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From "Big Shots" to brides: The portraits of Fonville Winans being unveiled at the Louisiana Sports Hall of Fame and Northwest History Museum

On Friday, May 20, Lieutenant Governor Billy Nungesser and the Louisiana State Museum will unveil a new exhibition at the Louisiana Sports Hall of Fame and Northwest Louisiana History in Natchitoches, From “Big Shots” to Brides: The Portraits of Fonville Winans. The opening celebration will get underway with a reception, free to the public, from 5:00 to 7:00 p.m. with food and libations.

“Louisiana is justly famous for its unique landscapes, its colorful politicians, and its hospitable people,” said Lieutenant Governor Billy Nungesser. “Fonville’s iconic and beautiful photographs document the past while reflecting the radiance and resiliency of Louisiana culture.”

Bringing together some of photographer Theodore Fonville Winans’ (1911–1992) most striking portraits, this exhibition includes a diverse array of individuals, many of whom have ties to north or central Louisiana.

Born in Missouri and raised in Texas, Fonville discovered an affinity for Louisiana as a teenager. While working with his father on a bridge construction project in Morgan City, Fonville “fell in love with moss in trees, palmettos, and alligators” and decided to call the state home. After photographing the bayous of south Louisiana in the 1930s, Fonville settled in Baton Rouge, where he opened a studio and quickly became a respected and popular portrait photographer.

From “Big Shots” to Brides: The Portraits of Fonville Winans explores Fonville’s unique ability to capture the personality of his subjects. Part of the exhibit focuses on his portraits of politicians, prominent citizens, and celebrities, ranging from baseball legend Connie Mack to celebrity chef Justin Wilson. Between 1938 and 1940, Fonville was employed as one of Louisiana’s official state photographers and called upon to photograph some of the state’s most powerful officials, a task he sometimes found difficult. “The hardest thing to photograph is a politician who’s a prima donna,” Fonville said. “I love politicians because they’re big shots and I like big shots, but they can be difficult.”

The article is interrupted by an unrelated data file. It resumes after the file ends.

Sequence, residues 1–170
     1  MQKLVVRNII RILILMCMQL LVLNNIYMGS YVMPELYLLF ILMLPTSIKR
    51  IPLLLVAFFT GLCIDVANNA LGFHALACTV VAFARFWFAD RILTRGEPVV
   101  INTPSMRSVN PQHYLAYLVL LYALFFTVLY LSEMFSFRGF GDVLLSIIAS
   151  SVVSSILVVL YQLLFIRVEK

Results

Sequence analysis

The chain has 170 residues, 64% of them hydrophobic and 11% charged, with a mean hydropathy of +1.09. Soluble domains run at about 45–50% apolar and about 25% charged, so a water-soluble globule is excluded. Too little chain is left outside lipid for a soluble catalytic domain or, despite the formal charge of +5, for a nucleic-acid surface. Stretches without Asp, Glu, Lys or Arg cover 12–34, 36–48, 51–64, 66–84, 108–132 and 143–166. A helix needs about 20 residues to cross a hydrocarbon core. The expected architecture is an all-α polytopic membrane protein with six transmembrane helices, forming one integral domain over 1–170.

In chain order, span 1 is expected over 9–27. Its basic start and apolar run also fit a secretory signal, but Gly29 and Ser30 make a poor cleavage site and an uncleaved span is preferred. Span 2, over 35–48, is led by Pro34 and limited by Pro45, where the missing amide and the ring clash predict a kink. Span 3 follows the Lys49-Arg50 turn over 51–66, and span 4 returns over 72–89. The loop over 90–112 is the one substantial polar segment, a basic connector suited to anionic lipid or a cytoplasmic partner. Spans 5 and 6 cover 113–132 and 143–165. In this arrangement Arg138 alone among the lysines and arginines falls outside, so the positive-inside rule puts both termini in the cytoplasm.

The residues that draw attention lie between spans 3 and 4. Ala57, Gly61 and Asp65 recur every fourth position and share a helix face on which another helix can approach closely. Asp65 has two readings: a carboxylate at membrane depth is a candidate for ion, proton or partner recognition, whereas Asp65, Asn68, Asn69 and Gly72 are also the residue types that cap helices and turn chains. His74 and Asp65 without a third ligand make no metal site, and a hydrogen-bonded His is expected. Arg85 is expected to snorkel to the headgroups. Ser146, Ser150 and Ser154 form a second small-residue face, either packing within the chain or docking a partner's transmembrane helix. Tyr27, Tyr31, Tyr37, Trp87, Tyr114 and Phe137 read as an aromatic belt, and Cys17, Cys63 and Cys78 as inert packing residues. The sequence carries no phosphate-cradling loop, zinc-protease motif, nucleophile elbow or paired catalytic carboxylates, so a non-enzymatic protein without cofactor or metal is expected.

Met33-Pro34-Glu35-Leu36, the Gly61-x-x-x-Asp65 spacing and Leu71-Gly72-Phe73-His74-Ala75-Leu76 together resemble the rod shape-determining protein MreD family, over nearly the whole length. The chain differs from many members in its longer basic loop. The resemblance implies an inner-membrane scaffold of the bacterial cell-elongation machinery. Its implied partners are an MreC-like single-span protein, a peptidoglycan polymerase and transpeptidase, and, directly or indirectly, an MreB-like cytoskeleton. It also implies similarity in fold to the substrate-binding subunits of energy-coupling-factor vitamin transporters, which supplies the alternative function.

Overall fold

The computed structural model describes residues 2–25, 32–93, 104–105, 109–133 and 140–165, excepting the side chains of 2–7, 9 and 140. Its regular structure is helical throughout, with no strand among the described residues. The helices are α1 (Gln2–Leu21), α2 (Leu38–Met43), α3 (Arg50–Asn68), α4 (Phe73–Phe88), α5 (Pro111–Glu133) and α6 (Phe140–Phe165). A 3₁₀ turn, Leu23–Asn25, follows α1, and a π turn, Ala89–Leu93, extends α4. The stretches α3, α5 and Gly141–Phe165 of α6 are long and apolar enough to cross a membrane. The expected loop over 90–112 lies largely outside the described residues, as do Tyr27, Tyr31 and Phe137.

Fonville used a variety of methods to get his subjects to relax, including striking up a conversation, rescheduling a visit for a particularly nervous client, and, when necessary, providing alcoholic beverages. When asked about his technique, Fonville said, “I just try to make photographing a fun thing. I talk to people and find out about them, then I encourage them to be themselves.”

Fonville’s ability to put his subjects at ease made him popular with another group of subjects: Baton Rouge brides. The demand for his talents as a wedding photographer was such that, as one bride put it, “You called Fonville first... then you called the church and the minister. If Fonville was booked, you changed the date.” Typically, Fonville followed the bride throughout her wedding day, from getting dressed to walking down the aisle, then departing with the groom for the honeymoon. Spanning the decades from the 1940s to the 1980s, Fonville’s wedding photographs reflect evolving fashion trends in wedding dresses, hairstyles, and make-up.

The exhibit showcases part of the Louisiana State Museum’s extensive collection of Fonville Winans images. In 1994, Robert L. Winans, the photographer’s son, and Natalia Winans, his daughter-in-law, donated the largest collection of Fonville’ photographs, along with camera equipment and memorabilia. In addition to the portraits, the exhibition includes photography equipment from Fonville’s studio.

From “Big Shots” to Brides: The Portraits of Fonville Winans will be on display at the Louisiana Sports Hall of Fame and Northwest Louisiana History Museum in downtown Natchitoches. The museum is located at 800 Front Street in Natchitoches and open between 10 a.m. and 4:30 p.m., Tuesday through Saturday. Admission to the museum is $6 for adults, $5 for students, senior citizens, and active military, and free for children age six and under. Visit LouisianaStateMuseum.org for more information.